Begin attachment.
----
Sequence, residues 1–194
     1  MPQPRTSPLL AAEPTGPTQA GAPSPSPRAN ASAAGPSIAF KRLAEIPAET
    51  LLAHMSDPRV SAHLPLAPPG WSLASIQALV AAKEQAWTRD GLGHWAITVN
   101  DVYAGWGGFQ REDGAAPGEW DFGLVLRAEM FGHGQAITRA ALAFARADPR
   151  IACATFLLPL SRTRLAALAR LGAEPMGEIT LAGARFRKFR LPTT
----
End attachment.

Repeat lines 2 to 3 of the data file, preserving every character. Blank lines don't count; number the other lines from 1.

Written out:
     1  MPQPRTSPLL AAEPTGPTQA GAPSPSPRAN ASAAGPSIAF KRLAEIPAET
    51  LLAHMSDPRV SAHLPLAPPG WSLASIQALV AAKEQAWTRD GLGHWAITVN